Exam TV: Human tissue filmed in close-ups revealing the tiniest details – University of Copenhagen

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19 April 2016

Exam TV: Human tissue filmed in close-ups revealing the tiniest details

A picture emerges on the computer screen. Professor Jørgen Olsen and Assistant Lecturer Fahd Al-Shahrestani smile as they welcome viewers in front of a dark examination table with a black plate.  On camera, they explain how today, they will prepare 3rd semester medical students at the University of Copenhagen for some of the questions and challenges they may face during their anatomy exam. 

Fahd Al-Shahrestani brings out the first “specimen”. It is part of a lower body with areas of the spine and hip intact. The tissue is yellowish and drained of all fluids. Professor Jørgen Olsen starts explaining about the various structures in the specimen and which part of the body they are examining. 

Then it is time for the viewers, i.e. the students, to hit the keyboard and assess whether it is a bunch of muscle fibres or a vein that Fahd Al-Shahrestani is carefully lifting with a pair of tweezers. 

The students on the other side of the screen are able to click on a link that allows them to submit their desired answer. 

Simultaneously, Jørgen Olsen and Fahd Al-Shahrestani keep an eye on their screen where the students’ anonymous answers are revealed. When all answers are submitted, Jørgen Olsen provides them with the correct answer as well as the road to the correct conclusion. 

New type of lecture will help students pass their exams

Live-streamed lectures where students are allowed to interact during the lecture have not been tried before. However, according to Professor Jørgen Olsen, who came up with the idea for this new type of exam TV, it is a unique opportunity. 

“It’s a unique opportunity for all students, including the shy ones, to pit themselves against questions that are similar to the ones they will be subjected to in the anatomy exam,” says Professor Jørgen Olsen from the Faculty of Health and Medical Sciences at the University of Copenhagen.

The use of cameras and close-ups enable all students to view specimens close up. The students will have to identify eight different specimens during the lecture and name the structure, which is exactly what they will have to do in their exam, a couple of weeks hence.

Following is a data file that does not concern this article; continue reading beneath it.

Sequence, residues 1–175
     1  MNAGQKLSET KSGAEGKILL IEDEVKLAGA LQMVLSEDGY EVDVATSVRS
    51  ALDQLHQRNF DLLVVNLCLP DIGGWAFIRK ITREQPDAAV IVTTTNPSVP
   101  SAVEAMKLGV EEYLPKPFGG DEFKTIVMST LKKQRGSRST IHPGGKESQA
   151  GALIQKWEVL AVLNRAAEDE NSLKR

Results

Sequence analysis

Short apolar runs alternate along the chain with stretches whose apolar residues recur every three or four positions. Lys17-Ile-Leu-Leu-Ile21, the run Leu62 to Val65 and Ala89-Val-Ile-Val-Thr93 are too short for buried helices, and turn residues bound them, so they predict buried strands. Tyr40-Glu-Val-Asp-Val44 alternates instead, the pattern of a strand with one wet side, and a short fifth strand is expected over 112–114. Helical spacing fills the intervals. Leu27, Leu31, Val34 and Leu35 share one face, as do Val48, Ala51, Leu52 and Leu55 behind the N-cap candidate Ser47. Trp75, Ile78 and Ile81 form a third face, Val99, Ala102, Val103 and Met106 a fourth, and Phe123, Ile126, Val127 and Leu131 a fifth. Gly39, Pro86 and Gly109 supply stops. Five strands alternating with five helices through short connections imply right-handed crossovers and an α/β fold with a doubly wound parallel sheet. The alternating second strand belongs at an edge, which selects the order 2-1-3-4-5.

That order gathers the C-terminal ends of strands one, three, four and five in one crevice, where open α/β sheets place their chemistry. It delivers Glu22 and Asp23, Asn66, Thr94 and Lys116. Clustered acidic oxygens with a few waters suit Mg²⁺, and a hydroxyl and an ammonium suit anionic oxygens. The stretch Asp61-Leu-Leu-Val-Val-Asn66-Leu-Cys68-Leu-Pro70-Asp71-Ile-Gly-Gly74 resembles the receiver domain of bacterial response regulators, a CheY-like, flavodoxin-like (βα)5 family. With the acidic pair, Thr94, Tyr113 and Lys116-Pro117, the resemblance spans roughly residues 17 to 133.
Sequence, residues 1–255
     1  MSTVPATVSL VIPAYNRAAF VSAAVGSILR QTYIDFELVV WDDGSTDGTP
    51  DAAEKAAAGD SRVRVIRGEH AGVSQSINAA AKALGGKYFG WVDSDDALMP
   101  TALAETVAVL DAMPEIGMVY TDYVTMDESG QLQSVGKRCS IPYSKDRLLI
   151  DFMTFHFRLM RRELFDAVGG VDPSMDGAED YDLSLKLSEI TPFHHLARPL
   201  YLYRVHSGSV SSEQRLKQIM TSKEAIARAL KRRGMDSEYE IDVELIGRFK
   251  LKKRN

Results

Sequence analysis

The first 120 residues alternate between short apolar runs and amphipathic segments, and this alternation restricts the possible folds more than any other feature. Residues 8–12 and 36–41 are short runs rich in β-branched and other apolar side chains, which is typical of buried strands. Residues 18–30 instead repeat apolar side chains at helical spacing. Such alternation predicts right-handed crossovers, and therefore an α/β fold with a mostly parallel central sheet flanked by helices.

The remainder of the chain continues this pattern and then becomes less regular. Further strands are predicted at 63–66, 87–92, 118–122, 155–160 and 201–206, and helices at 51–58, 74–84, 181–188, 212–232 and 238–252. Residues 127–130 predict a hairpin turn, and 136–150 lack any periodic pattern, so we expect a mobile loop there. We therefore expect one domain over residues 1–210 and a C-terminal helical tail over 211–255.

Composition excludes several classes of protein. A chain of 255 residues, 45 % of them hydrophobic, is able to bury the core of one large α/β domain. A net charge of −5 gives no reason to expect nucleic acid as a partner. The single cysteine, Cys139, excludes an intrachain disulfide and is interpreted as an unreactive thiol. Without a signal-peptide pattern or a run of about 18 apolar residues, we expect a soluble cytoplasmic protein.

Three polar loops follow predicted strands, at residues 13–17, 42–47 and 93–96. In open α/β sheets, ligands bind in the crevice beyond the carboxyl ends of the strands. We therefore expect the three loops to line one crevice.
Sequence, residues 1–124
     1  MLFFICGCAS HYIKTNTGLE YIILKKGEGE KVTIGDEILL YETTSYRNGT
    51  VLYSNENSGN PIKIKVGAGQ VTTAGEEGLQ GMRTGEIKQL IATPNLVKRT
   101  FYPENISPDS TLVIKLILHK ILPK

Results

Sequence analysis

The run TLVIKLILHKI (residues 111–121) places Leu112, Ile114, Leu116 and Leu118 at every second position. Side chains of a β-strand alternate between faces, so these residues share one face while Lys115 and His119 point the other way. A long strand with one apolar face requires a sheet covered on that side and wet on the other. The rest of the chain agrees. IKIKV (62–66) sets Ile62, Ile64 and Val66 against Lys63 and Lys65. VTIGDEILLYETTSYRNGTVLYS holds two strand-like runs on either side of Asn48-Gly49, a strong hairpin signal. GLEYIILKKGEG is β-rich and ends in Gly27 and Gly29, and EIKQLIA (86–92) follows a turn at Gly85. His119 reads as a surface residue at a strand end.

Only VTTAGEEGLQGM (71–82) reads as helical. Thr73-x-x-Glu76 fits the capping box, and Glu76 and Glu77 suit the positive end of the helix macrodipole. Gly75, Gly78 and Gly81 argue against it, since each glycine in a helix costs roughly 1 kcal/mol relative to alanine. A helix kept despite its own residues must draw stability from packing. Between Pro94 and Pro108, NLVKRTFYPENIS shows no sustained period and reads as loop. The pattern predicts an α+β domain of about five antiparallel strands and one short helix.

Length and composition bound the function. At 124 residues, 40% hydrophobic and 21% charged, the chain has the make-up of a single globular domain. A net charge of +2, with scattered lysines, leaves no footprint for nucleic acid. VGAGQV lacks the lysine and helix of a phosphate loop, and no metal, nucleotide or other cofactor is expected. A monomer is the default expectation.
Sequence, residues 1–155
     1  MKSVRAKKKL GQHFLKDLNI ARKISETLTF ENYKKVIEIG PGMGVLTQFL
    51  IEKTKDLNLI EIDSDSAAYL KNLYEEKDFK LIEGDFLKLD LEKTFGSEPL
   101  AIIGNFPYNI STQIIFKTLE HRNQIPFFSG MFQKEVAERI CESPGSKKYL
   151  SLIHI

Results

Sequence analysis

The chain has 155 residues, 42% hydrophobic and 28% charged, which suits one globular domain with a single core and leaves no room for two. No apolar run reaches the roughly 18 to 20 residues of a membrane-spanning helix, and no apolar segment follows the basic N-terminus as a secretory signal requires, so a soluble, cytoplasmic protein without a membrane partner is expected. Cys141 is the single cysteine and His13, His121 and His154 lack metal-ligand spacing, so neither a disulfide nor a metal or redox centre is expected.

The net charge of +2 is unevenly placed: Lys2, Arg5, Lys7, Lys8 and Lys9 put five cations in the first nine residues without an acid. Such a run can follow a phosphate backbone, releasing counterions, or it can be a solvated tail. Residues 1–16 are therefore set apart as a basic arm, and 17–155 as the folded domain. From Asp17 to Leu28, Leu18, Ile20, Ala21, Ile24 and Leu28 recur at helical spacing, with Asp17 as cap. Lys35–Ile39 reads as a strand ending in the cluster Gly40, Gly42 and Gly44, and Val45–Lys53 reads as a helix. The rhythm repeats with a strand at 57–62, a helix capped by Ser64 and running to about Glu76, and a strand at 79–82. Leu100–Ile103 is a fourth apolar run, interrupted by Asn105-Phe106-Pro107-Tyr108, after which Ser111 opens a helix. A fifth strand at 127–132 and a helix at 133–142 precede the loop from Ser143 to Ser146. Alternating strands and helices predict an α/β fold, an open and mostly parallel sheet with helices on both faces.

An e-learning consultant and a videographer from the Centre for Online and Blended Learning (COBL) at SUND have helped Jørgen Olsen develop the idea, and they have also been responsible for the technical side of things, e.g. the system Answergarden, which enables students to submit answers on an “online blackboard” (read more about the advantages of this teaching method in the fact box). If several students submit the same answer, the writing will be proportionally enlarged. This allows Jørgen Olsen and Fahd Al-Shahrestani to register whether the majority of answers are correct and provide feedback accordingly. 

Out of a class of 299, 158 students participated in the first live-streamed lecture, and an average of 111 students answered the questions posed. 

“This is absolutely considered a success, not least as it’s the first time we’ve tried it. Now we’ll have to see whether future interactive lectures will attract even more participants,” says Jørgen Olsen. 

Students can contribute with questions

According to Jørgen Olsen, live-streamed interactive lectures have obvious advantages:

“We can customize our teaching to adhere to students’ exam preparations based on questions concurrently submitted. We don’t need an auditorium as students can sit at home or at Panum, alone or with their study groups.”

The lectures are filmed without any students present; they last half an hour and will be broadcast when students have no other classes to attend.

The lectures will be made available through Absalon, though without the possibility of interaction.

Enable improved teaching 

The teaching method – i.e. live-streamed interactive lectures – can easily be utilized beyond exam preparation. Centre for Online and Blended Learning (COBL) point to three areas where this method can potentially improve both teaching and learning processes:

  1. By filming right up close, all students are able to see the tiny details in for example muscles and other small structures. Something that it is otherwise very hard to manage in a room with approx. 200 students as is the case in traditional lectures. 
  2. Live-streaming combined with interactive answers and questions focuses the teaching, it activates participant and more students join in than in traditional lectures. 
  3. The lectures will be made available once they are completed. This affords the students an opportunity to revise the material, which we know from surveys increases student learning. 


Read more at cobl.ku.dk